According to one medical article 25 percent of all Lichen Planus patients have Oral Lichen Planus. That would suggest there are 1,535,032 (a million and a half) people with Oral Lichen Planus. That's equal to the estimated population of San Diego in 2009.

When you look at it this way, does it seem such a rare disease?

I don't expect the miracle of the sudden discovery of a cure for Lichen Planus. I'm too realistic to have much hope there is a lot of research funding. So, it sits on the back shelf and the same old comments about causes and symptoms and possible treatments keep getting published. Oh, how I wish there were a breakthrough.

Sometimes I wonder how people managed with the diagnosis a century ago. In fact, how did they manage for all the centuries mankind has had to deal with it.

I imagine someone back then trying everything in their culture to rid themselves of the disease. Did they eventually die from dehydration because they couldn't swallow water? Am I going to far into the negative thinking that way?

I wonder if animals suffer from Lichen Planus???

Photo was taken in February of 2008 and demonstrates loss of papillae

Friday, October 1, 2010

A new update from Marilyn

Well, so much for my excitement that adding 30mg daily of prednisone would ignite faster healing. Consulted with my family doctor, and have increased the prednisone dose to 40mg daily as of 09/21/10. Also just had some blood work done to track the lymphocytes (white blood count), since I also take 3000mg of Cellcept daily.

After 10 days of the higher daily dose of prednisone, my face is beginning to swell (typical of prednisone), and every afternoon about 4 PM, I feel a huge surge of heat and a general feeling of malaise, which I assume is also from the increased dose of prednisone.

The plan now is that I will remain on this combination dose of prednisone and Cellcept until resolution occurs of both the ulcerations and erosions of my oral tissues, however long that may take. A set timetable is not practical, and only has the potential to initiate another prednisone "rebound." If and when I get to a comfortable resolution, only then will I begin a taper off the prednisone, and only 1-2.5mg at a time, probably in one month increments. It may take me a year to get to a reliable "maintenance" dose, but I see no choice.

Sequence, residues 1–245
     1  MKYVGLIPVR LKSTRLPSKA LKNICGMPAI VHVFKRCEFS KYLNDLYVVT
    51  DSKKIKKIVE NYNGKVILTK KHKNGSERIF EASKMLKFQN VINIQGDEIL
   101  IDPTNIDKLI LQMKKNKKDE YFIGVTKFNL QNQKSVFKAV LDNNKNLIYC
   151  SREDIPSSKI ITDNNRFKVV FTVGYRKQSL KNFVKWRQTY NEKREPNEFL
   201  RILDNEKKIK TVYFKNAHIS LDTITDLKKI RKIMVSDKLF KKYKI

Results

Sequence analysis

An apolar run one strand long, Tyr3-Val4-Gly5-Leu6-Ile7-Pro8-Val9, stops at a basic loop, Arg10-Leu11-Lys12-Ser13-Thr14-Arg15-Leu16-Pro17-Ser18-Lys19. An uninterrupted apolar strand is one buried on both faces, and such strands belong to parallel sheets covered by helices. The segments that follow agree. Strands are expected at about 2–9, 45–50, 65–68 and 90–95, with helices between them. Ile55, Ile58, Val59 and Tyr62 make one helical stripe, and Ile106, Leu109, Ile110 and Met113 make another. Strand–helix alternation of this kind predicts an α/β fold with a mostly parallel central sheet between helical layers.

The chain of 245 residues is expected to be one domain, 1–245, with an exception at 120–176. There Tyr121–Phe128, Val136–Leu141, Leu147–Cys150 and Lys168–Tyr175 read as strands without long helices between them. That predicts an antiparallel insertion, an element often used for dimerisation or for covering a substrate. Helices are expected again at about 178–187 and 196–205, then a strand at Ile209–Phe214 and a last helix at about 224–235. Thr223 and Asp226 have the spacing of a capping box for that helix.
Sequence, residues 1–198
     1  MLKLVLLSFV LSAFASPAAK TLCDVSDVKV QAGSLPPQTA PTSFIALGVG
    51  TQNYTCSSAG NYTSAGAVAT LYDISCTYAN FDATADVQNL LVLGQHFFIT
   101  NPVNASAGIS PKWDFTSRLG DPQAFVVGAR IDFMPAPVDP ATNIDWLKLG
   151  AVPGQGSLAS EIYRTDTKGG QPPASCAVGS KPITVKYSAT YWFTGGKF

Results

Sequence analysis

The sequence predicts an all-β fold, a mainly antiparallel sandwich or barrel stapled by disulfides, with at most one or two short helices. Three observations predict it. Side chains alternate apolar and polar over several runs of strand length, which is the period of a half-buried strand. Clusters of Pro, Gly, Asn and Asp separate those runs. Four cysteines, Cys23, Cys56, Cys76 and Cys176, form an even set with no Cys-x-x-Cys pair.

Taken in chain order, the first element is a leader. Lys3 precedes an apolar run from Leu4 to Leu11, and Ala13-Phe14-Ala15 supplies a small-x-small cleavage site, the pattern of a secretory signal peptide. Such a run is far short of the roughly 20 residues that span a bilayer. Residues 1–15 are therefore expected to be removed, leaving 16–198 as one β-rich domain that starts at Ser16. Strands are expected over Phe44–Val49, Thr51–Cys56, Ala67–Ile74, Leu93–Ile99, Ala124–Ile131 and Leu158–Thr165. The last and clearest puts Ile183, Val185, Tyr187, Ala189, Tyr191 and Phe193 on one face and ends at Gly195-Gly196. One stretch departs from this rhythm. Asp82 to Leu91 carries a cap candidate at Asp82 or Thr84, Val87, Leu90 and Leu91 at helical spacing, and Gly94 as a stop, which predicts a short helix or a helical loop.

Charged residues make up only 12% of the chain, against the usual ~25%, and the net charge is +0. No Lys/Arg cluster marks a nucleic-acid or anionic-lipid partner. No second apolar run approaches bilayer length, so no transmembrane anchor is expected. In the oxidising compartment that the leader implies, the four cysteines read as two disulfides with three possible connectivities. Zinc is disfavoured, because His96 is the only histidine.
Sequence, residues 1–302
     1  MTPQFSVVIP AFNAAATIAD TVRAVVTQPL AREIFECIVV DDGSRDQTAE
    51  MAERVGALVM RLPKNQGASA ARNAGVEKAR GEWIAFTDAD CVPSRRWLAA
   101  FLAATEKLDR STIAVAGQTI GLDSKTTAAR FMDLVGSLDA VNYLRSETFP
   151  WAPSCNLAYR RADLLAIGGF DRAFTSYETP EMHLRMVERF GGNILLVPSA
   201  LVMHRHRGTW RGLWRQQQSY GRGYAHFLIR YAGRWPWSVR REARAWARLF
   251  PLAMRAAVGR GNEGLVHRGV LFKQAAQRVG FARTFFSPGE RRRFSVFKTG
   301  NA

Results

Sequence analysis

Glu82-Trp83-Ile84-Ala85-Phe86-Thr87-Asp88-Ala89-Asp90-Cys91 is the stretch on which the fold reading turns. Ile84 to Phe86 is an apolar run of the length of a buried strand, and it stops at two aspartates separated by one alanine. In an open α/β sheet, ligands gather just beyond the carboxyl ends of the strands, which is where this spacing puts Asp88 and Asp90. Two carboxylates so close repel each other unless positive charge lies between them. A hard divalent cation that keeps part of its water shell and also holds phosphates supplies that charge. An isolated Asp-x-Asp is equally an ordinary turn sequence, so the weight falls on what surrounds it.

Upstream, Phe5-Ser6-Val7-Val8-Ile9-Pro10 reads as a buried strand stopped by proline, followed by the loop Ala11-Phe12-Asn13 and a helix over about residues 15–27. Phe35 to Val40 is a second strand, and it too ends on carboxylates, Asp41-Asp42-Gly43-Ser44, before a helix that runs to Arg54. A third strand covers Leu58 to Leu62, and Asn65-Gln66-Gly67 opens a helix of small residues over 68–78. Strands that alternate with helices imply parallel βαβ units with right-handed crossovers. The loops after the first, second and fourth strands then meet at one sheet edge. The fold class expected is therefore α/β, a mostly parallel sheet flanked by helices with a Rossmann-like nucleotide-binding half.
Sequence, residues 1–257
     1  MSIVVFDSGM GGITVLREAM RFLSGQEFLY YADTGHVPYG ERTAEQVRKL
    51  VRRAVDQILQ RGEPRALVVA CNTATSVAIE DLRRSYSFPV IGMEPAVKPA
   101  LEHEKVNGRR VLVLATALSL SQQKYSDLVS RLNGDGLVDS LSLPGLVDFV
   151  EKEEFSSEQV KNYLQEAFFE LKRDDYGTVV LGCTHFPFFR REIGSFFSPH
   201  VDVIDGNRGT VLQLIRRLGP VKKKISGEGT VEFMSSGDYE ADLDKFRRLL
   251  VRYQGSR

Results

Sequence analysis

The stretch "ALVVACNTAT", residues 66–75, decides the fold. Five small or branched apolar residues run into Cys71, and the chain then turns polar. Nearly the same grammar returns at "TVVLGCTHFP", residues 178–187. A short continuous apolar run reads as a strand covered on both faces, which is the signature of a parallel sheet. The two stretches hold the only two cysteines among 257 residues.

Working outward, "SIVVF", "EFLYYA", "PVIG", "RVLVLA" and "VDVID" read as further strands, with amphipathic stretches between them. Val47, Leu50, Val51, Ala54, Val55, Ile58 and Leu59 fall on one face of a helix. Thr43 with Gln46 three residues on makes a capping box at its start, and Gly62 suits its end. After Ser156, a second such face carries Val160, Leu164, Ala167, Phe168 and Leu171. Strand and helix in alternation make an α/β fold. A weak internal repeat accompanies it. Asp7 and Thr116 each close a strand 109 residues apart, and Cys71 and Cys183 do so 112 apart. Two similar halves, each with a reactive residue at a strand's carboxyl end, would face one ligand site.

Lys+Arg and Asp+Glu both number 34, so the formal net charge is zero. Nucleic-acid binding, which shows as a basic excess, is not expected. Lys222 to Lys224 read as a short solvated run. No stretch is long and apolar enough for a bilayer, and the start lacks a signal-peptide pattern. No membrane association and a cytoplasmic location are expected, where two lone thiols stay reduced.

I already have reduced kidney funtion from 47 years on insulin as a type 1 diabetic, and have some damage to my left optic nerve from glaucoma. The predisone will only add damage to these two situations, but the OLP is the crisis now, and I'll have to deal with the pred side effects as they occur.

I am continually amazed at the excruciatingly slow pace at which these 2 very strong and dangerous immunosuppressing drugs work on the oral tissues. I have been on Cellcept since 07/08/10, and seen little if any result, which is why the prednisone was reintroduced. I still can only open my mouth minimally, still have painful erosions (although the bloody ulcerations have diminished in size, and are being very slowly replaced by some ugly, hard scar tissue). The exterior of the left side of my face is quite contorted from the internal scarring, and when people question my appearance and inability to move the left side of my face and mouth, I just tell them I have some paralysis. No point trying to explain this thing--way too complicated.

Hopefully, over the next 30 days, I'll see some marked improvement of the oral tissues. Can't imagine being like this for the rest of my life!

Always seek the advice and supervision of a qualified licensed medical professional!

The information provided on this site has been created as an online journal only. The author is writing from her personal viewpoint and cannot guarantee the completeness or accuracy of the information displayed.

Comments to any of the entries are appreciated.